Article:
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MGCR 352 (82)
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Department
Management Core
Course
MGCR 352
Professor
Emine Sarigollu
Semester
Fall

Description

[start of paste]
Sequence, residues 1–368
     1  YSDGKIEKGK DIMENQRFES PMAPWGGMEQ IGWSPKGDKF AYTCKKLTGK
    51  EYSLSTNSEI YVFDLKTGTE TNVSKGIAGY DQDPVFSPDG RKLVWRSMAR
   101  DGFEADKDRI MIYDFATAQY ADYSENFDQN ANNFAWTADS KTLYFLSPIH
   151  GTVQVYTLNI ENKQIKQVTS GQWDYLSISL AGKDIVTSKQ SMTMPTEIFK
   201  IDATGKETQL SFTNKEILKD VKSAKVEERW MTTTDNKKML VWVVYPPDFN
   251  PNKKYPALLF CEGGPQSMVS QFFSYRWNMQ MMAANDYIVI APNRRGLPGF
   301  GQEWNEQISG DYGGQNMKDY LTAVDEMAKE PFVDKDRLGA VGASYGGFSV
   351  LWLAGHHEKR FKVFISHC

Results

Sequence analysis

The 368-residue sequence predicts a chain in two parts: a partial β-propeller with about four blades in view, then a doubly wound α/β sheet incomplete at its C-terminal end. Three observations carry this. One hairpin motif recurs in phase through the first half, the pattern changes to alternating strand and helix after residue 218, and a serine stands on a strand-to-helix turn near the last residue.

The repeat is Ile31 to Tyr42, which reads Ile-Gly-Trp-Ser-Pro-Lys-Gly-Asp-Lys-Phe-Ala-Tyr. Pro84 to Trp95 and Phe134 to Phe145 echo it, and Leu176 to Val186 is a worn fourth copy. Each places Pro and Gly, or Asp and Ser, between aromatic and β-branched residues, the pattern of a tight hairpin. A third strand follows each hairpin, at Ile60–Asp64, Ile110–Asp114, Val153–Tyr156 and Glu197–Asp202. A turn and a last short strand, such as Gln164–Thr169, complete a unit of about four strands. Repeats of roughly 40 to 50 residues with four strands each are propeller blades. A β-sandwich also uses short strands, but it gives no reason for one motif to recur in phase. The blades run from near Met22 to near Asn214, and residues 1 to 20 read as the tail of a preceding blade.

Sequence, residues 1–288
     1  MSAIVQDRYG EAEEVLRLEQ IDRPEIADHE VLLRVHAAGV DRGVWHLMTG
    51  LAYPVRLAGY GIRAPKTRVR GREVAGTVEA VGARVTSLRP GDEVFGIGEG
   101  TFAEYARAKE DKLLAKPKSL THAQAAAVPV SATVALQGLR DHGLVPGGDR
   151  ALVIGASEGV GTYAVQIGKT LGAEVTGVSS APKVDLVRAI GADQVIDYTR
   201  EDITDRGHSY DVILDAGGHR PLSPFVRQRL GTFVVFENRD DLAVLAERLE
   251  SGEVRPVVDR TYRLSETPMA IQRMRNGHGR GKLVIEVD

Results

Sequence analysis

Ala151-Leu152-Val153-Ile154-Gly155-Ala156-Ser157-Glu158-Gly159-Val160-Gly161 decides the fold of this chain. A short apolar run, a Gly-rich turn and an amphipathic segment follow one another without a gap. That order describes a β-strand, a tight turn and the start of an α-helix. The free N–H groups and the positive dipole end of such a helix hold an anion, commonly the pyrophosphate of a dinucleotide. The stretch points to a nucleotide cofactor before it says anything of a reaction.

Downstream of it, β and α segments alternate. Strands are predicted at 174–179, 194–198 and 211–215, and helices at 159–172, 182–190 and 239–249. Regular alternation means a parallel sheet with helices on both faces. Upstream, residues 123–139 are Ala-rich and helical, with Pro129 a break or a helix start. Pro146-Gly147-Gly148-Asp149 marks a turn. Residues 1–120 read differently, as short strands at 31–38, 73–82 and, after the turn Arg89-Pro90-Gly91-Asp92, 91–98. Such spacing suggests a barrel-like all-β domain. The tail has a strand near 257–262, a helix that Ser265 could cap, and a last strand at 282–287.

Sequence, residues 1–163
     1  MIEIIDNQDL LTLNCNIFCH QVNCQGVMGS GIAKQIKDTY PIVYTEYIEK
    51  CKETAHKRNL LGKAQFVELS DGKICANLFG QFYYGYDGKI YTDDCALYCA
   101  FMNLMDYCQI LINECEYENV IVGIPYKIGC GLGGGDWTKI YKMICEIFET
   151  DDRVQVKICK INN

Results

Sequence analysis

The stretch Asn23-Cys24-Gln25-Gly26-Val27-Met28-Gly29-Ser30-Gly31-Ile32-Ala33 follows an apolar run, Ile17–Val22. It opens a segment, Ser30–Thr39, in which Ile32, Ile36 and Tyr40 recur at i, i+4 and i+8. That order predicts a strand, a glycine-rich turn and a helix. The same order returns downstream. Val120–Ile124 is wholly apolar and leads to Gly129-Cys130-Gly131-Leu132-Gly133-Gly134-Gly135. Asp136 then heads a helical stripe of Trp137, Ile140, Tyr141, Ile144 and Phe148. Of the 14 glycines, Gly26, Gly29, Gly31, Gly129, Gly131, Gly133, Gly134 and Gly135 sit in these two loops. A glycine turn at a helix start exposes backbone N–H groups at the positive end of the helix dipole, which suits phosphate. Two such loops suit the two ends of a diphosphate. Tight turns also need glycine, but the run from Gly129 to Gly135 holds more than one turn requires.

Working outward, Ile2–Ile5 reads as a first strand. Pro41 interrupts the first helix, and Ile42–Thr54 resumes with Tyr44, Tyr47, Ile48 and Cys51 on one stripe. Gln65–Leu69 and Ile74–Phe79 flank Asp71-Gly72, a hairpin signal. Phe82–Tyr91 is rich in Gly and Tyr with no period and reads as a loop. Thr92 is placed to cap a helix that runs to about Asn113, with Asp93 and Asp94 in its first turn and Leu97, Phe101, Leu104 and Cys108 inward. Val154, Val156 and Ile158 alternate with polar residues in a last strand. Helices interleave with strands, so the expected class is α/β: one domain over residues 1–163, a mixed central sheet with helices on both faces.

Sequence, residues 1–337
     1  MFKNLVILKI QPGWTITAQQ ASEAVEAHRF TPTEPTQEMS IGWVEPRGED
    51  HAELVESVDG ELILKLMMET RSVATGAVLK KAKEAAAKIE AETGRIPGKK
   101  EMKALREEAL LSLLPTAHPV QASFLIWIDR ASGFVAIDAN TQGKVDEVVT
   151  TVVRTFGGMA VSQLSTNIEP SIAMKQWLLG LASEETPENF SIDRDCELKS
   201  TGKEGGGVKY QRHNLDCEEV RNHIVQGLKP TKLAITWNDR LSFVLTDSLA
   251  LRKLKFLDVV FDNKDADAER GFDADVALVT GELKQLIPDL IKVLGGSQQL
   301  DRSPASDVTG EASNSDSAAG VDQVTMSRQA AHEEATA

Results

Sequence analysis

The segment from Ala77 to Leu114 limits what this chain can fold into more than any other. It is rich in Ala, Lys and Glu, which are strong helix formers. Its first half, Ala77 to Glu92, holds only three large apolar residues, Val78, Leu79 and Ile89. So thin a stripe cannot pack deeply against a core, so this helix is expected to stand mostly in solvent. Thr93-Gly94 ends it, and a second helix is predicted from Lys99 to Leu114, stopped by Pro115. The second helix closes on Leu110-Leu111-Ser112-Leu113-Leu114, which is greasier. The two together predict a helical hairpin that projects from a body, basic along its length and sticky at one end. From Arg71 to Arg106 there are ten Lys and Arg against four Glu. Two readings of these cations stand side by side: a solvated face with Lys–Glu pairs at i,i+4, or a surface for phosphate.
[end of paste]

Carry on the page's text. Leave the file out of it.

MGCR 352 Chapter 1- Marketing: Customer Value, Satisfaction, Relationships, and Experiences Adam Sherman Marketing: Defined Marketing is the activity for creating, communicating, delivering, and exchanging offerings that benefit the organization, its stakeholders, and society at large. To serve both buyers and sellers, marketing seeks  to discover the needs and wants of prospective customers and,  to satisfy them Requirements for Marketing to Occur  Two or more parties with unsatisfied needs  A desire and ability on their part to be satisfied  A way for the parties to communicate  Something to exchange The Breadth and Depth of Marketing What is a Market?  A market is people with the desire to buy a specific produce Who Markets?  Every organization markets! Firms, non-profit organizations, places, etc. What is Marketed?  Goods – physical objects  Services – activities, deeds or basic intangibles  Ideas – intangibles involving thoughts about actions or causes  Experiences – personal and memorable experiences Social marketing is designed to influence the behaviour of individuals by which benefits accrue to those individuals or to society in general and not to the marketer . Who Buys and Uses What is Marketed? Both individuals and organizations buy and use services that are marketed. Ultimate consumers are people who use goods and services purchased for a household. Organizational buyers are units such as manufactures, retailers, or government agencies, that buy goods and services for their own use or resale. Who Benefits? In our free-enterprise society, there are 3 types of benefactors from effective marketing:  Consumers – finds value from the best products, the lowest prices, or exceptional service.  Organizations – prosperous business operations  Society – enhances competition, both in quality and better products. Satisfying Consumer Needs A company must concentrate its efforts on certain needs of a specific group of potential consumers. This is the target market – one or more specific groups of potential consumers toward which an organization directs its marketing program. The Four Ps: Controllable Marketing Mix Factors Firms must develop a complete marketing program that creates, communicates, and delivers value to a target market. This happens through the use of four tools, first published by Professor E. Jerome McCarthy:  Product – a good, service, or idea to satisfy the consumer’s needs.  Price – What is exchanged for the product  Promotion – a means of communication between the seller and buyer  Place – a means of getting the product into the consumer’s hands. o This is known as the marketing mix. The Uncontrollable, Environmental Forces These are the environmental forces in a marketing decision, the uncontrollable factors involving social, economic, technological, competitive, and regulatory forces. These five forces serve as accelerators or brakes on marketing, sometimes expanding an organization’s marketing opportunities and other times restricting them. The Marketing Program Concepts must be converted into a tangible marketing program – a plan that integrates the marketing mix to provide a good, service, or idea to prospective buyers. Evolution of North American Businesses Production Era  Goods were scarce so buyers were willing to accept virtually any goods that were produced and make do as best they could. Sales Era  Firms discovered that they could produce more goods than their regular buyers could consume. Competition grew. The usual solution was to hire more salespeople to find new buyers. (circa 1950) Marketing Concept Era  In the 1960’s marketing became the motivating force among many firms. The marketing concept, is the idea that an organization should strive to satisfy the needs of consumers, while also trying to achieve the organization’s goals. Marketing Orientation Era  Firms with a market orientation focus their efforts on o Continuously collecting information about customers needs and competitors capabilities o Sharing this information throughout the organization o Using the information to create value, ensure customer satisfaction, and develop customer relationships.  Customer value is defined as the unique combination of benefits received by the customer that include quality, price, convenience, on-time delivery, and both before sale and after-sale service.  Customer satisfaction is the match between customer expectation of the product and the product’s actual performance.  Organizations with a market orientation actually engage in customer relationship management (CRM) – the process of building and developing long term relationships with customers by delivering customer value and satisfaction.  Organizations engaging in CRM understand the importance of lifetime value, not just single transactions. Customer lifetime value (CLV) is the profit generated by the customer’s purchase of an organization’s product or service of the customer’s lifetime.  CRM has been broadened to include eCRM – a web centric
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